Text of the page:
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Tim vs. God

AK and I never talk about our friend Tim. In fact, since his death, we haven’t spoken about him for more than a few minutes at a time. It’s too hard for both of us. We both feel guilty. Anyone who has dealt with a suicide knows this feeling all too well. While we both know we weren’t responsible for Tim’s decision, we will spend the rest of our lives questioning if we could have done more to help him.

Yesterday AK and I talked about Tim for nearly an hour. It was heartbreaking, yet beneficial for both of us. I told AK I’m scared of forgetting all the small details of Tim’s life. It’s time I start writing about him, I suppose. Writing is cathartic for me, and frankly I need to remember all the funny details of his life rather than remembering the day I found him.

Sometimes when I miss Tim so much I can’t breath I think about him in some sort of after life. Tim hated religion. He was an avid atheist and took great pleasure in arguing with everyone about his or her own personal beliefs. I picture Tim approaching the pearly gates and screaming at God for existing. I can see him saying, “God you’re driving me fucking crazy with this bullshit; I need a beer.” And then he’d challenge God to an arm wrestle; the winner would get to rule the world. Tim would, of course, lose and then accuse God of cheating. Without fail, my tears are suddenly tears of laughter as I picture the Tim vs. God scenario.

And as blasphemous as this coping mechanism may seem to some, I don’t care.  It works for me, and that’s what counts.

Comments

  • Sarah,
    I found your page from a comment you left for “that one guy” .
    I had a girlfriend hang herself in 2001 and it was so devastating to me to know that someone I considered my friend and cared about could be hurting so badly and I had no idea. She was so young, vibrant and bubbly but I guess it was her path.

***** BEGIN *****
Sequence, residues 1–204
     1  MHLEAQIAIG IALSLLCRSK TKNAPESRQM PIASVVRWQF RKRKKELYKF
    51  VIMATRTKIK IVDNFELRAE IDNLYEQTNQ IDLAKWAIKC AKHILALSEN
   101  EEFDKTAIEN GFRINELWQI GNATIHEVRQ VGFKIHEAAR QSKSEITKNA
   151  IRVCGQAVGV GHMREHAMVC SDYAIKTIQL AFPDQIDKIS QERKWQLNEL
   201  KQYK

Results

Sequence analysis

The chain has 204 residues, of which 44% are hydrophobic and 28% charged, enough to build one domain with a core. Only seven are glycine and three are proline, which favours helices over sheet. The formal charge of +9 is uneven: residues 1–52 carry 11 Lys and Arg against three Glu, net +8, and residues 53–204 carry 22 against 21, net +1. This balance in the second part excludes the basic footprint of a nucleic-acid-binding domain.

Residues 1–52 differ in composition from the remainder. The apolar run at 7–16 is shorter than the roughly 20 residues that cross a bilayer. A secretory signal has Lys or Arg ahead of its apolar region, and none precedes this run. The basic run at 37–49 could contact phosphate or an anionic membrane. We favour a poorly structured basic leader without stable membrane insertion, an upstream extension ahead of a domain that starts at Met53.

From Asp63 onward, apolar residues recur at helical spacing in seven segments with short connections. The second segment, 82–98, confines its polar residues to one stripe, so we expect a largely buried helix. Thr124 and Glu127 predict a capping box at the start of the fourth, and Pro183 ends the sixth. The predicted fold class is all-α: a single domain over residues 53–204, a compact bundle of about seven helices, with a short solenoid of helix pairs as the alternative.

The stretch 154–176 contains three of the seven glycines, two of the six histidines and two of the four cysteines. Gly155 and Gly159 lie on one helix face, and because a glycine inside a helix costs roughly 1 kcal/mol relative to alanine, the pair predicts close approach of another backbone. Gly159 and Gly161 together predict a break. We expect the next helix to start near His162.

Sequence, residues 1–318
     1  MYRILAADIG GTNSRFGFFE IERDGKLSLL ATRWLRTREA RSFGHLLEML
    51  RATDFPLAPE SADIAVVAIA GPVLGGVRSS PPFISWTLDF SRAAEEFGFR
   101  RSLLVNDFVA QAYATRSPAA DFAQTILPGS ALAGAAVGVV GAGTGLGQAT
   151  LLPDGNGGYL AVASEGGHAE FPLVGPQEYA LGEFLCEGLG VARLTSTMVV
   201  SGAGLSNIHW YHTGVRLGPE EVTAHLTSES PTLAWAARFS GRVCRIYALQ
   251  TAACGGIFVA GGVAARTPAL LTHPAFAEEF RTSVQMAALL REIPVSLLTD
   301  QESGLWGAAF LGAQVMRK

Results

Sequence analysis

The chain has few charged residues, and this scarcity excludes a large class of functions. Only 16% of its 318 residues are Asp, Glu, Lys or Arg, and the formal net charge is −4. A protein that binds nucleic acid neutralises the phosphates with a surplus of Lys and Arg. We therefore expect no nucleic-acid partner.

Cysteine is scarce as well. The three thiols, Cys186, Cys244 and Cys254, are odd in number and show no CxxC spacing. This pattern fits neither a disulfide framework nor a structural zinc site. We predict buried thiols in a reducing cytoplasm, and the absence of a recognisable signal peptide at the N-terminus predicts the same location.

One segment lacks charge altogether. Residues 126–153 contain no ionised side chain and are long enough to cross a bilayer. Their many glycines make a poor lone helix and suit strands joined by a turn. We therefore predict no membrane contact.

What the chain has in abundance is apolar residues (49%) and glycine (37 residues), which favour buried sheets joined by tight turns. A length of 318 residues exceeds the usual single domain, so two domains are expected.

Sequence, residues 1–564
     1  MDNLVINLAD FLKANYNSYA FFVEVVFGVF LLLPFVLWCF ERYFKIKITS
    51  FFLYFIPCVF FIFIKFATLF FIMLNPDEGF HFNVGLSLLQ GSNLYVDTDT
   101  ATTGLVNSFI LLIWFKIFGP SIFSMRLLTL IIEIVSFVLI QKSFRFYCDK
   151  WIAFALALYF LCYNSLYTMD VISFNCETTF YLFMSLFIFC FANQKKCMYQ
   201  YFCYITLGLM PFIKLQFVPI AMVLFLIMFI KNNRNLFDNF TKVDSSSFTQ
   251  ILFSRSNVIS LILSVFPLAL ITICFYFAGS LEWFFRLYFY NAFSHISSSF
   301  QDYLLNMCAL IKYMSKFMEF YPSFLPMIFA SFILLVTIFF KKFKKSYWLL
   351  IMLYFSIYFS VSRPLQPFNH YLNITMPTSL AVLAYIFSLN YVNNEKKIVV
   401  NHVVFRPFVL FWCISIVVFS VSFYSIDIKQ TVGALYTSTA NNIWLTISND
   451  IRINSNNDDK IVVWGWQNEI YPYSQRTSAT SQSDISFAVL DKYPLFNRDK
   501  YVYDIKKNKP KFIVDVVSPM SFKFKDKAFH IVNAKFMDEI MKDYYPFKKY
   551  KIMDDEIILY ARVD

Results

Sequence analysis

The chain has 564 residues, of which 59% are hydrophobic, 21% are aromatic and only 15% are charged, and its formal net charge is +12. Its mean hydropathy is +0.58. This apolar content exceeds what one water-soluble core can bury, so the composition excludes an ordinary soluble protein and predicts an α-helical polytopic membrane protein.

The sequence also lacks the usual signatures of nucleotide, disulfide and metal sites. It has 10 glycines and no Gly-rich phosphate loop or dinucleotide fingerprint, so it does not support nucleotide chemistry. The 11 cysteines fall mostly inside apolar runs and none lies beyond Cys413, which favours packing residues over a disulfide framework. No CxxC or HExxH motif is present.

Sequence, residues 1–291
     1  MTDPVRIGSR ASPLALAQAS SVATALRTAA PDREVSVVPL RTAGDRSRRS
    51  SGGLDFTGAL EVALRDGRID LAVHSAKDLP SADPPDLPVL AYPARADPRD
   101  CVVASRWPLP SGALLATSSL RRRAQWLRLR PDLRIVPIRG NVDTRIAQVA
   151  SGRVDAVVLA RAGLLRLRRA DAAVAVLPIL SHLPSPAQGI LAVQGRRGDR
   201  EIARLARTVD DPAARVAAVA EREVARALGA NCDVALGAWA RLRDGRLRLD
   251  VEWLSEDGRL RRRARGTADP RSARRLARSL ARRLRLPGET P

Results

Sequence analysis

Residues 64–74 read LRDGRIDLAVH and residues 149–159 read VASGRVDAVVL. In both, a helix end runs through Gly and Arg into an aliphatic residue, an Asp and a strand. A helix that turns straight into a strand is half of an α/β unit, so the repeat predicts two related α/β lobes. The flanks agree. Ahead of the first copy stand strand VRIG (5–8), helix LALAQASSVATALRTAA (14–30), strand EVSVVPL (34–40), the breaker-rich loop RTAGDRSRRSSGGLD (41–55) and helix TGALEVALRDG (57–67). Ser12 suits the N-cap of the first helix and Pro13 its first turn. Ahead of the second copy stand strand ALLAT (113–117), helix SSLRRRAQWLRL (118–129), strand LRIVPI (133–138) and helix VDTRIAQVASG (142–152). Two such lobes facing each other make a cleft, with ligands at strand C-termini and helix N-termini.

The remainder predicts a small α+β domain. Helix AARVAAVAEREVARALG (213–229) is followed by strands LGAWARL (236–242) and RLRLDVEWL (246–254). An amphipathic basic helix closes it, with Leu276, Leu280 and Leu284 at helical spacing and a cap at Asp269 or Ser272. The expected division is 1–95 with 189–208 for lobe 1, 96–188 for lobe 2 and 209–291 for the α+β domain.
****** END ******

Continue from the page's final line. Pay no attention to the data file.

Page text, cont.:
• I have a hard time understanding suicide, even though I think everyone at one time or another has considered it to some level of seriousness. I just think, especially as an atheist, why would you want to pull the plug early? I guess pain is pain, whether physical or mental, and I can understand people with terminal illnesses who are suffering terrible physical pain wanting to end it early. But somehow I have a hard time understanding people with mental anguish wanting to end it. I mean, if you have a terminal illness, that isn’t going to go away. But mental pain can be fixed. It isn’t easy, but it can happen. So I feel so bad when people can’t see past their mental anguish. Maybe that’s the part that makes suicide survivors feel guilty. But it isn’t your fault.

    I’m sorry you lost your friend.

  • I have discovered that you do what you need to to cope with loss of that magnitude. Whatever it takes.

    And?

    I don’t consider it blasphemous, but I’m a bit of a heathen, so don’t go by me. :)

  • I don’t know you and I didn’t know your friend Tim but I do know what loss feels like. Do whatever you need to do to lessen the pain. It sounds like writing is your therapy. I look forward to many posts about your dear friend. It think it’s a lovely way to celebrate the life he lived.

  • I think writing about your friend is a good idea. I look forward to getting to know the man he was.

  • I love your humor and the way you look at things – even if some would consider it blasphemous.
    I think God probably laughs at them for taking religion and God so fucking serious.

    I was raised as a “christian”.

  • I’m sorry for your loss as well. It’s a testament to you as a friend that you think of and admire this person. Whether there is or is not a true afterlife, keeping the memory of someone, even if they’re gone, makes them immortal.

  • I like to think that I could beat God in an arm wrestle.

  • Hello Sarah,

    I’m sorry to read about your friend Tim, I too lost someone to suicide, 10/15/93, I lost my little brother, Frank to the darkness. Please to all who read this, help us to erase the stigma surrounding suicide and mood disorders by walking for the cause and talking about it, removing the stigma surrounding getting help for the darkness that people fight every day. Every step we take gets us closer to our goals. Go to http://theovernight.org or http://outofthedarkness.org to find out how you can help. thank you

  • I’m rooting for girwiththemask

  • My good friend Dylan committed suicide three years ago and to this day I get so angry. I often say out loud, hoping he can hear me, “If you were back here I’d hit you so hard!!”

    The questions haven’t gone away, the anger and sadness haven’t either.
    Sometimes all I can do is shake my head. It’s such a loss. But I pray he’s up there helping people on Earth who are feeling what he felt.

    I pray that for your friend Tim, too.